Join our email list

Ki Tissa: From the Burning Bush to Sinai

At the sneh, God presented himself as one who sees suffering and is moved by it, but at Sinai Moshe asks not only to be seen but also to see God
Photo: Stanisław Kubicki/Wikimedia Commons
Photo: Stanisław Kubicki/Wikimedia Commons
Rabbi Avital Hochstein is a faculty member at the Shalom Hartman Institute and has learned, taught, and done research at the institute for more than 15 years. In 2016, she was among the first recipients of rabbinical ordination from the Shalom Hartman Institute / HaMidrasha at Oranim Beit Midrash for Israeli Rabbis. Avital is currently working on her Ph.D., focusing on Talmud, in the Gender Studies Program at Bar Ilan University. Avital is President of

Ki Tissa: From the Burning Bush to Sinai

The Book of Shemot is drawing to a close. Our parashah, Parashat Ki Tissa, offers one lens through which to see the book: the transition from the revelation of the burning bush to the revelation of the giving of the Torah, from the sneh to Sinai. This lens is in fact a prism, which holds a number of dimensions.

In the following lines I will focus on transition regarding vision, (Moshe’s transition from averting his eye to requesting to see more), and transition regarding presence (from a lack of faith in God’s presence to presence as testimony of love).

Seeing at the Burning Bush

Moshe was shepherding his father-in-law Yitro’s sheep when he saw the burning bush. He does understand that there is “a great apparition” (Shemot 3:3) before him, but he doesn’t understand its nature, he doesn’t understand the meaning of the apparition. God explains to him how to behave: “take off your shoes,” and also why: “for the place upon which you are standing is holy ground.” Moshe reacts: “Moshe hid his face, because he was afraid to gaze at God.” In contrast to Moshe who is afraid to look and shies away from the apparition, for God looking and seeing at this moment serve an extremely important function. Seemingly, they motivate God, encourage God to put Godself forward and represent God’s coming closer. Seeing is a critical component of moving God to go down to Egypt, listen to Israel and acknowledge their pain:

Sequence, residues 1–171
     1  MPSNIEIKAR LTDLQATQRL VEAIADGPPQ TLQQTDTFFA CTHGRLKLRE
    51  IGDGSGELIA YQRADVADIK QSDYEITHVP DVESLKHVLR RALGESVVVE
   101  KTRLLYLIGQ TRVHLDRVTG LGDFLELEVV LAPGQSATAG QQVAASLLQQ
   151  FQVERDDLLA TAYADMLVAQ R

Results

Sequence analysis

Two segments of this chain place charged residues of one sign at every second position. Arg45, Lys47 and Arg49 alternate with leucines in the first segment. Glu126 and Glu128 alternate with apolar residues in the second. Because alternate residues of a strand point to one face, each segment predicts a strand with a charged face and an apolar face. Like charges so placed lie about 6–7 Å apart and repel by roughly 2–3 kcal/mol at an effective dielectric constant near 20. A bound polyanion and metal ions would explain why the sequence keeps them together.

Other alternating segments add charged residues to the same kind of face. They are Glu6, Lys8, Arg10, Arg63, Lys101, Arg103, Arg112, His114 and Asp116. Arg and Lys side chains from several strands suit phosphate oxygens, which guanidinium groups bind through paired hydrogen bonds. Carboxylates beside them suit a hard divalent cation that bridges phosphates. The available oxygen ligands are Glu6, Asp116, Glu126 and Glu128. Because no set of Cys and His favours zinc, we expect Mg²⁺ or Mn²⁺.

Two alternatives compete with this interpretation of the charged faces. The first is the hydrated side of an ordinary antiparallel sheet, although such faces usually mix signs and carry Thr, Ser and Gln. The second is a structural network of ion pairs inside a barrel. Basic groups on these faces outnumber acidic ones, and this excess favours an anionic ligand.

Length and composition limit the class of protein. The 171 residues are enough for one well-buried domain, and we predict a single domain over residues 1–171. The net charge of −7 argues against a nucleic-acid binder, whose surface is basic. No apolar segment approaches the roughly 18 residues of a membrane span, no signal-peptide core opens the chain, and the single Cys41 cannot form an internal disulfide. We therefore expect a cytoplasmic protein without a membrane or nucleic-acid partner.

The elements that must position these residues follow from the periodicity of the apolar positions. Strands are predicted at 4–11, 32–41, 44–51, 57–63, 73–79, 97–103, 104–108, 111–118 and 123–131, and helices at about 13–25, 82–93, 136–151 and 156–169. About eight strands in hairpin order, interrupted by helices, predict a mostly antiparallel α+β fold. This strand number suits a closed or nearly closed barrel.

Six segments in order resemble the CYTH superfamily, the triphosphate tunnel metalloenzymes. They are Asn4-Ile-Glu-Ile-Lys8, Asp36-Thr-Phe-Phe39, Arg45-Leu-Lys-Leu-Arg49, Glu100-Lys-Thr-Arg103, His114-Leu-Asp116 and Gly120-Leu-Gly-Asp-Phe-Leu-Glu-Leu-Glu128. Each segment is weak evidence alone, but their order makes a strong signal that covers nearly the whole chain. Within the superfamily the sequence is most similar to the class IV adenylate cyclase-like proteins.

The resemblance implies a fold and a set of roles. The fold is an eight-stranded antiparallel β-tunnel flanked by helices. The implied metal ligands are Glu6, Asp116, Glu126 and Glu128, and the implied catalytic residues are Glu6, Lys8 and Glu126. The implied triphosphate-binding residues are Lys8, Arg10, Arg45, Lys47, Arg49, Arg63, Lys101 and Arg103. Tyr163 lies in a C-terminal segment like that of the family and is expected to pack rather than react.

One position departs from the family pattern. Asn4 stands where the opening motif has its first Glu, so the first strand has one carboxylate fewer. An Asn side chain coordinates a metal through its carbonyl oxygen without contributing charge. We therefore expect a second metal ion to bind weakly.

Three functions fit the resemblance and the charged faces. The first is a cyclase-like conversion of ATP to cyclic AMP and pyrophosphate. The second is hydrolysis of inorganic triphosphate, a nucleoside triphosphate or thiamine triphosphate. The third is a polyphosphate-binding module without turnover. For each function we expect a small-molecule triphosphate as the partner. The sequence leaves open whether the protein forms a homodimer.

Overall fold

God said, I have indeed seen the suffering of my people who are in Egypt. And I have heard their cries at the hands of their taskmasters, for I know their pain. And I will descend to save them from the power of Egypt and raise them up from that land, to a land that is good and expansive. Shemot 3:7-8

Seeing is the point of origin for this encounter between God and the people of Israel.

The Experience of the Burning Bush

At the encounter of the Burning Bush, Moshe expresses over and over his lack of faith in himself and his doubts as to his ability to succeed in the task that God is placing upon him: “Who am I to go…” God’s answer to this question is simple: “For I will be with you.” God promises Moshe to be an accompanying presence, and presents Himself as present, available, and existent. This is God’s reaction to Moshe’s lack of faith, and it is also a reassurance about Israel’s reaction to Moshe’s message.

Moshe presents a basic question: What should he do if the people push back: “and they say to me – what is His name; what should I say to them?” God’s answer is cryptic: “I am that I am…I am has sent me to you.” However, despite the mysteriousness in the answer, what is recognizable in the response is a declaration of presence and being.

Moshe represents those who might cast doubt on God’s existence, and he places words of doubt in the mouths of Israel and Pharaoh. However, he also states that this abstract existence of God is not sufficient:

Moshe responded and said, “They won’t listen to me and they won’t heed my voice. For they will say, ‘God has not appeared to you.'” Shemot 4:1

Perhaps, just as seeing is what moved God to ally Himself with Israel, so too perhaps Israel need a vision in order to move them to ally themselves with God.

Similarly, when God attempts to calm Moshe’s fears about being heavy of tongue and heavy of speech He both offers Moshe help and emphasizes that He will be with Moshe:

Who gives a man a mouth and who makes one dumb or deaf or seeing or blind, is it not me?! And now I will be with your mouth and I will instruct you in how to speak. Shemot 4:11-12

Yet Moshe’s concerns are not assuaged. He is not even assured by God’s promise to be present and accompany him, he doesn’t feel capable in the face of this challenge, and responds to God with the pained, “send who you will send.”

From the Sneh to Sinai

Thus we leave the sneh, with Moshe’s hesitation of seeing God and an all-round doubt regarding God’s presence. But things have changed. Though, Moshe is again a shepherd, he has traded his father-in-law’s flocks for God’s sheep, the people of Israel. Sinai is, of course, the place that cements and represents the bond between God and people, but it is also the place of Israel’s great betrayal of their God: the sin of the Golden Calf.